In fact, using the same valuations discussed in one of our primers, Demographia International calculated that Vancouver ranks as the most unaffordable city in the world! So if we’re relying on rich Asians to prop up our housing market then I guess we’re hoping for an inexhaustible pool of really dumb rich Asians who won’t ever compare the ridiculous valuations in Vancouver to other cities. I doubt that there are scads of wealthy (dumb) immigrants willing to pay ridiculous valuations for an ‘investment’, particularly as they realize that sales and prices are starting to crumble in Vancouver. I’m not sure how many of them would be interested in catching a falling knife. And if they are interested, where have they been? We’ve had the worst couple months for sales in over a decade.
However, let’s take a macro picture for a moment. We’ll assume that the wealthy Chinese mainland investor story is completely accurate. Will they stop the bubble from popping?
Let me go out on a limb for a moment and say that there are only two international property bubbles that eclipse the Canadian bubble: The Chinese bubble, which I will show you is the MOTHER of all bubbles, and the Australian bubble, which is imploding as we speak and should roughly pace the Canadian housing bubble in timeline.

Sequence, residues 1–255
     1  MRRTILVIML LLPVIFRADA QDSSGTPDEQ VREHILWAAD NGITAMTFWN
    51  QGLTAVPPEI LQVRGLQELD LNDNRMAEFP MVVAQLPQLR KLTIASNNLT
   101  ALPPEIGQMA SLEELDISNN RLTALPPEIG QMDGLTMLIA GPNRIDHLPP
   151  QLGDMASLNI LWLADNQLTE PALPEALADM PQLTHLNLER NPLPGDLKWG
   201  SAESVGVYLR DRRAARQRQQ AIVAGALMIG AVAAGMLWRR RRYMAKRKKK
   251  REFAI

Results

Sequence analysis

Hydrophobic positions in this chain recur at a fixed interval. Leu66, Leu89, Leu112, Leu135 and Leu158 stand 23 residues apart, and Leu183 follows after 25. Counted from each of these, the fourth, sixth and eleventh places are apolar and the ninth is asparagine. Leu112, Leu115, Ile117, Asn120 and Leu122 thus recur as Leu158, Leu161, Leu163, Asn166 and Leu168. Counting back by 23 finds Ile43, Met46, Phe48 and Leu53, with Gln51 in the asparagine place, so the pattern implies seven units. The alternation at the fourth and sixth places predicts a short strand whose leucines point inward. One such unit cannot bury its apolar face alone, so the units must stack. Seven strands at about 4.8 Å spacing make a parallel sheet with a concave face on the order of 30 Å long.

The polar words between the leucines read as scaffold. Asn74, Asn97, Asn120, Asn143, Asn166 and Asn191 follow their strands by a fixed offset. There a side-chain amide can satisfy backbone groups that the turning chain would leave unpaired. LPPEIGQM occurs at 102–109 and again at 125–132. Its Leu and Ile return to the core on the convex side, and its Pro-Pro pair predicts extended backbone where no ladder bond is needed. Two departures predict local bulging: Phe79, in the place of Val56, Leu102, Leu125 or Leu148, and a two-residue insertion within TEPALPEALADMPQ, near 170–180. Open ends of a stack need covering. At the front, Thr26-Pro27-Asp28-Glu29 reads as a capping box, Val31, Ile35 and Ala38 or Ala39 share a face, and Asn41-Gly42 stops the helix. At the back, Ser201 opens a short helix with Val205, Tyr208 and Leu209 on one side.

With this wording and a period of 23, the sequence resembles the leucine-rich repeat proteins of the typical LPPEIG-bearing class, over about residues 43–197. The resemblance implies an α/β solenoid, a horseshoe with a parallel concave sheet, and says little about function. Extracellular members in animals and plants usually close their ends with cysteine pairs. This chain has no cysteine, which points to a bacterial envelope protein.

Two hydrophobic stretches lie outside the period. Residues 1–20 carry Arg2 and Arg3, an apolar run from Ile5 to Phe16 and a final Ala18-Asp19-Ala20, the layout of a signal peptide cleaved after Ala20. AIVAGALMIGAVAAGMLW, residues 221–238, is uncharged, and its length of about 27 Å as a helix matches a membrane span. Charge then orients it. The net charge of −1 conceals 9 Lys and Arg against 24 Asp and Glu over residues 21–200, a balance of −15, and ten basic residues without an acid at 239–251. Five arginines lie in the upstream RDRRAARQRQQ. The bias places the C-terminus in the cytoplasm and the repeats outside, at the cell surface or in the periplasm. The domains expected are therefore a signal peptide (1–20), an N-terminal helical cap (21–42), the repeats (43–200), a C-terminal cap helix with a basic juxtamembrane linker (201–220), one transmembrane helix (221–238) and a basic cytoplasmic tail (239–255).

So let’s look at that amazing property bubble in China. China’s economic policy is very simple: Grow the economy and keep people employed, or face a legion of young, unemployed, single men (remember the one child policy and its unintended consequences on demographics?). So the government of the People’s Republic has no choice in the face of inevitable social unrest but to embark on massive building campaigns aimed at keeping young men employed, happy, and out of trouble. Never mind that this approach has led to the building of entire empty cities (you have to check out this video…..it is eerie!). Or consider the case of the world’s largest shopping mall, which is sitting basically empty (fast forward to 11:00). Or consider that a recent report concludes that there are enough vacant homes in China to house half of the US population (this article also provides some interesting insights into the sociological reasons for this).
Now if you’re looking at all this and saying, ‘Wow, that’s unsustainable and can’t go on forever’ then let me congratulate you on your impressive grasp on the obvious. When this fiasco comes to its ugly end(and there are signs that it is unravelling as we speak), let’s just say that there will be far fewer ‘rich Chinese investors’ looking to speculate on our overpriced real estate.